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AUSTIN, Texas — Betsy Garcia hovers nervously outside an abortion clinic in McAllen, Texas. After accepting a pamphlet from someone on the street, she goes to a different building where a woman in a white coat greets her with warmth. The woman offers to show Betsy a graphic video about abortion, then the two pray in front of a crucifix before the teen exposes her belly for an ultrasound. "God is going to bless you in a tremendous way with this child," says the woman as she presses a rosary into the girl's hands. The final scene shows a radiant Betsy dandling her 6-month-old daughter on her lap.
So goes the promotional video for the McAllen Pregnancy Center, a crisis-pregnancy facility established in 2008 to dissuade women from having abortions. The video was released in April, when there was still an abortion clinic to lure women from.
Today there’s a major change in town. While the McAllen Pregnancy Center continues to operate, Whole Woman’s Health, the only abortion provider in McAllen, stopped being able to provide abortions. A controversial Texas law that went into effect in November requiring abortion physicians to have admitting privileges at nearby hospitals has caused a third of the abortion clinics in the state to close. Abortion opponents say the law makes abortion safer, while providers and medical groups, like the American College of Obstetricians and Gynecologists (ACOG), counter that admitting privileges have no impact on the safety of the procedure.
Regardless, women in McAllen seeking to terminate unplanned pregnancies must now travel 170 miles to the nearest clinic. Alternatively, they could walk the two blocks to the McAllen Pregnancy Center for help. But that could prove risky.
A laissez-faire climate
While center staffers donning white coats and offering sonograms could easily be mistaken for health professionals, there’s nothing medical about the services they provide.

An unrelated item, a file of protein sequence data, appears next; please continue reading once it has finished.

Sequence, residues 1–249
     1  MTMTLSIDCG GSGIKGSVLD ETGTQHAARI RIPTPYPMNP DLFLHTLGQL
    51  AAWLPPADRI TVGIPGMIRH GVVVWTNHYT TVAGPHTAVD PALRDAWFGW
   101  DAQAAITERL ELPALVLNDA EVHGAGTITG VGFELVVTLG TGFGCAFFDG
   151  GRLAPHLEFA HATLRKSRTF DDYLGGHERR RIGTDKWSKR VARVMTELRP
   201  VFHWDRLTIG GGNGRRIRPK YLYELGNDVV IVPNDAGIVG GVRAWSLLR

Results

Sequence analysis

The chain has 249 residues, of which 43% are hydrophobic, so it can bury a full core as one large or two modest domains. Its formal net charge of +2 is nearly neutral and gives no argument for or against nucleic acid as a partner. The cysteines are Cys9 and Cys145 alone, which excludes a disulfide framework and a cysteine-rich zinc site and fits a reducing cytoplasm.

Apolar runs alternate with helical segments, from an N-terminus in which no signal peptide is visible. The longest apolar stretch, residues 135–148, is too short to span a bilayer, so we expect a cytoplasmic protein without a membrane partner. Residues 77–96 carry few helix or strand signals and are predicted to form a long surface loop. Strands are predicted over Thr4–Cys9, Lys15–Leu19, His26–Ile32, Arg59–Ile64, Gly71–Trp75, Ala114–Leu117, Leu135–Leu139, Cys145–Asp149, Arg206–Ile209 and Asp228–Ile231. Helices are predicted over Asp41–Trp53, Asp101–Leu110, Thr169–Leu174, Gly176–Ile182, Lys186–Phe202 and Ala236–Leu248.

A McAllen Pregnancy Center counselor reached by phone told Al Jazeera that the center does not employ a doctor because the ultrasounds it conducts aren’t for diagnostic purposes but for “seeing the baby.” Medical experts, like the American Institute of Ultrasound in Medicine and the ACOG, take a dim view of such practices. They warn that women could be falsely reassured about their health or that of their fetus, and if abnormalities are discovered, there’s no guarantee that pregnant women will receive the follow-up care they need.
Though it might not be obvious to Betsy that she isn’t receiving medical treatment, the McAllen Pregnancy Center isn’t behaving like a rogue operator. Unlike abortion clinics, sandwich shops and nail salons, crisis-pregnancy centers in Texas don’t have to comply with state or federal safety standards. The state health department does not inspect the clinics, not even the ones that offer ultrasounds and call themselves pregnancy medical clinics. (The McAllen Pregnancy Center doesn’t call itself a medical clinic because it says its ultrasounds are nondiagnostic.) Even the Texas Medical Board, which is responsible for the good conduct of licensed physicians, shrugs at its doctors’ activities. It doesn’t require physicians to report where they serve as medical directors, and it investigates only if someone files a complaint. So far, no one has.
Such a laissez-faire climate means that anyone can set up shop and call it a pregnancy medical clinic. The anti-abortion powerhouse National Institute of Family and Life Advocates (NIFLA) sees this as a ripe business opportunity. As NIFLA says on its website, “Ultrasound opens a window to the womb where the mother is first introduced to her unborn child. By allowing this connection to happen, medical (clinics) experience dramatic increases in the percentages of their patients that choose life.”